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explain chebyshev's theorm and empirical rule

i'm trying to figure out how to solve a problem. the mean is 50 and the st. deviation is 15. the question is,"what % of the data will fall between 50 and 110? I used the chebyshev's formula (1-1/k 2^)(100%), but not sure if the answer is right? please help!


Does the problem state that the data is normal?

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Crystal G. | Bilingual Math/Spanish Ivy League Tutor o' AwesomenessBilingual Math/Spanish Ivy League Tutor ...
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Well, Chebyshev tells us: If we are k standard deviations away from mean (smaller or bigger than mean), no more than 1/k2of the values will lie be farther than k standard deviations away from mean.

In your problem, 110 = 50 + 4(15), so we are talking about 4 standard deviations from the mean (k = 4).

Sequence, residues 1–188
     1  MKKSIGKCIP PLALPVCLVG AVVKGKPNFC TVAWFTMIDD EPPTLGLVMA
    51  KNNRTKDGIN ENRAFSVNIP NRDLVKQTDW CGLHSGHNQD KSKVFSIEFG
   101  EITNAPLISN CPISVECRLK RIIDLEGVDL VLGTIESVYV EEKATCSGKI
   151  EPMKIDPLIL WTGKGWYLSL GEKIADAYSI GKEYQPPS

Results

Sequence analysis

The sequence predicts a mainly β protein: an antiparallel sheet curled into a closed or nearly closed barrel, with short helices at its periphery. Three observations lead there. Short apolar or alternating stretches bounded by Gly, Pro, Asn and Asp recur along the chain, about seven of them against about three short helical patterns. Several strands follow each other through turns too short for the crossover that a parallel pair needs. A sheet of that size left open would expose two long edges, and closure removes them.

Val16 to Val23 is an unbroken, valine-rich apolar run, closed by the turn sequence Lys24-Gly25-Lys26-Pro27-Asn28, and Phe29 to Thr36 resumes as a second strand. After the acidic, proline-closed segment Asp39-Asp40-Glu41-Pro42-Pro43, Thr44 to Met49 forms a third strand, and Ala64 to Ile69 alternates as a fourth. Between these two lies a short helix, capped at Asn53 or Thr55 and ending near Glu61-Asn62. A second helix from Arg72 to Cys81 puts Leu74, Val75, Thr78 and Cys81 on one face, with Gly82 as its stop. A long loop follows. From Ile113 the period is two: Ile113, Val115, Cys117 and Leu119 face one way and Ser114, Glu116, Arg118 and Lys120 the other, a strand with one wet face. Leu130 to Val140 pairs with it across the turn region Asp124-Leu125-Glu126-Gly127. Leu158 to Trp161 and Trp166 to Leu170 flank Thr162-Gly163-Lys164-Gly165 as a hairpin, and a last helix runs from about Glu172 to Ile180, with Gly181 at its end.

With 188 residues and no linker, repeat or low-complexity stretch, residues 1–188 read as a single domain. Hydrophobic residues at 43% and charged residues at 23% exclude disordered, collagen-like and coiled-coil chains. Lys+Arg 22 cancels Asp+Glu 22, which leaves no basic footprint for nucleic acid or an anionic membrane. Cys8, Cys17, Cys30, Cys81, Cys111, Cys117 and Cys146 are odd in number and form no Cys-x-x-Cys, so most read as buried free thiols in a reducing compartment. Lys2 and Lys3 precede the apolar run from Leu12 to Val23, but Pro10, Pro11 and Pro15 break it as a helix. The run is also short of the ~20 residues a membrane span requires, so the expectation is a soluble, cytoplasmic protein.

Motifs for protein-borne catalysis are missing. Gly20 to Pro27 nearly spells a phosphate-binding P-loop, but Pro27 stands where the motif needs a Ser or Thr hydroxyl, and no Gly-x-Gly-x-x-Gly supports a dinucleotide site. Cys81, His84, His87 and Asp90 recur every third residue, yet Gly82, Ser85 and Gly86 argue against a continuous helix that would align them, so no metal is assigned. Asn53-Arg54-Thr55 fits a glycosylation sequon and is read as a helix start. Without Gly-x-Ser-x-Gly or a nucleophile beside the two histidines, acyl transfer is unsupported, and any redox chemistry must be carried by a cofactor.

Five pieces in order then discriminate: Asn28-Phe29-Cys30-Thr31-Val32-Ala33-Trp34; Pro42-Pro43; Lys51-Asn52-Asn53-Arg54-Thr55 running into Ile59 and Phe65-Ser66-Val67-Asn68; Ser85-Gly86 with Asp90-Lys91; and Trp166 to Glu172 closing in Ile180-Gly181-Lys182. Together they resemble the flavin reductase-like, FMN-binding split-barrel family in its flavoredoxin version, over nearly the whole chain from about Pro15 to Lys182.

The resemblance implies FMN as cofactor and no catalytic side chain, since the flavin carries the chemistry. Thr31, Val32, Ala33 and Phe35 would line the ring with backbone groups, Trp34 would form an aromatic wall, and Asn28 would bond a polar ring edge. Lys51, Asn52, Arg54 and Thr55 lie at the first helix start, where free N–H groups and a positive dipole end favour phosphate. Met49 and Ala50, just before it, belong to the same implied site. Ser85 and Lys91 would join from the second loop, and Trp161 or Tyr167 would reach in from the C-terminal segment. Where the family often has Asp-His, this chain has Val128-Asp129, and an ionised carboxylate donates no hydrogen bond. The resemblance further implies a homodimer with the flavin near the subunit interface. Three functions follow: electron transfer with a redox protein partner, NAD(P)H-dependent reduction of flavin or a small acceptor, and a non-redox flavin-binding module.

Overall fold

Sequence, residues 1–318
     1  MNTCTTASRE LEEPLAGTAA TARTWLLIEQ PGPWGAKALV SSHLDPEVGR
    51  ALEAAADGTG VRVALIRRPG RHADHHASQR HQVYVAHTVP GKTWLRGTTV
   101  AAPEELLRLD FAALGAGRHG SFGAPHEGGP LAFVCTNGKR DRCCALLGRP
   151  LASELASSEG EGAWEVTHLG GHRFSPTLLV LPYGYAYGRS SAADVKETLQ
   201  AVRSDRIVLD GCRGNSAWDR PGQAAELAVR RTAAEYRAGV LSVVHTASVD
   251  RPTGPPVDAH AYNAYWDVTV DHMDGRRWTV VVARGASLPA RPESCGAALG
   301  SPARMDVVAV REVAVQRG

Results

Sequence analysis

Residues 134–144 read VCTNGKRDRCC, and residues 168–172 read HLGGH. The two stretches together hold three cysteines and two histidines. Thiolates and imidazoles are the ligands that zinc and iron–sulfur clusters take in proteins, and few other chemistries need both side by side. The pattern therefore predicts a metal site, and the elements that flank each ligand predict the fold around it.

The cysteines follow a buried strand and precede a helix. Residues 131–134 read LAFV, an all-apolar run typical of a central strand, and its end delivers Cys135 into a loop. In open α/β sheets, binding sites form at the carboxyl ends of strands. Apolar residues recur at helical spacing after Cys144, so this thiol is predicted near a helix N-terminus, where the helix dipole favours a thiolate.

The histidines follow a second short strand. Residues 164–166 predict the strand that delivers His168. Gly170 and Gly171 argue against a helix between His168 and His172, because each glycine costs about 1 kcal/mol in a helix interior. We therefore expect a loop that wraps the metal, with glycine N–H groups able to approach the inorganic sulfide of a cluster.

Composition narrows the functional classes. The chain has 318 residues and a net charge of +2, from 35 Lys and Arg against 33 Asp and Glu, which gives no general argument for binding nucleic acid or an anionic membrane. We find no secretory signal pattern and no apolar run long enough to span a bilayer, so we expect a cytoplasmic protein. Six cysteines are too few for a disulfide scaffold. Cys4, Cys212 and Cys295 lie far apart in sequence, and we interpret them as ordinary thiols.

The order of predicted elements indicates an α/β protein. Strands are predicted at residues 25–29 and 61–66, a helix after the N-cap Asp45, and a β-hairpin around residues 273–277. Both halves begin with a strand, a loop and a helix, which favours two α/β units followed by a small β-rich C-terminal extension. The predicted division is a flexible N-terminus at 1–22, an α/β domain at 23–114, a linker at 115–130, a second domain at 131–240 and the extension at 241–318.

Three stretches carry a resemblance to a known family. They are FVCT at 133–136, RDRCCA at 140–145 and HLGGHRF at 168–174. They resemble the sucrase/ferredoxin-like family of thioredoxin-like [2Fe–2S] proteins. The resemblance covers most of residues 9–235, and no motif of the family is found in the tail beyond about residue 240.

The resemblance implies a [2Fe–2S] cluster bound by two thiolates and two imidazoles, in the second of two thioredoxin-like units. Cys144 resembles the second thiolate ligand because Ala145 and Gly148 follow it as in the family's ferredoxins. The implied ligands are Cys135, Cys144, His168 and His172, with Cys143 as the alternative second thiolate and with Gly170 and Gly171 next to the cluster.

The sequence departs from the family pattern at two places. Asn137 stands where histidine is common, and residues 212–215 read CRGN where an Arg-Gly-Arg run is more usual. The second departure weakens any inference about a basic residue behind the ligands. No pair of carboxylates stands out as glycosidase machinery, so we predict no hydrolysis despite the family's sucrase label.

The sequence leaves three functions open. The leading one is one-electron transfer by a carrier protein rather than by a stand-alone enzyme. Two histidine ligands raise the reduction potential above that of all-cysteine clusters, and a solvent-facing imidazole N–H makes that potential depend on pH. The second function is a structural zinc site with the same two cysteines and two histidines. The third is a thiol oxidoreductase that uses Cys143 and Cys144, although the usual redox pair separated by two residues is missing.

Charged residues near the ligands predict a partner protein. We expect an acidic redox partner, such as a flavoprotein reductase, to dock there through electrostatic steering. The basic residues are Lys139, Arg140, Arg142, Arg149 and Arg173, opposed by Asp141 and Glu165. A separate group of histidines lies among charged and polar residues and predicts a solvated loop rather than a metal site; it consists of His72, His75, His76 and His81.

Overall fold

Then, no more than 1/42 = 1/16 of our data points can be more than 4 standard deviations away from the mean (50). So the rest (at least 15/16) of the data points are within 4 st. dev. In percents this is 15/16 • 100 = 93.75% 

But note that we just found that at least 93.75% of our data must be 4 st. dev. smaller OR bigger than our mean of 50. Since we just want the bigger values (50 to 110), our answer is half that, or __ 46.875% __

This problem does not need empirical rule (and you cannot use it unless the data are assumed to be normal), but the empirical rule states that approx. 68% of data are within 1 standard deviation of mean, 95% of data are within 2 standard deviations of mean, and  99.7% of data lie within 3 standard deviations of mean.

In this data set (if it is normal) with a mean of 50 and st. dev. of 15, that means that

  • 68% of data are in the range 50 ± 15, or (35, 65)
  • 95% of data are in the range 50 ± 30, or (20, 80)
  • 99.7% of data are in range 50 ± 45, or (5, 95)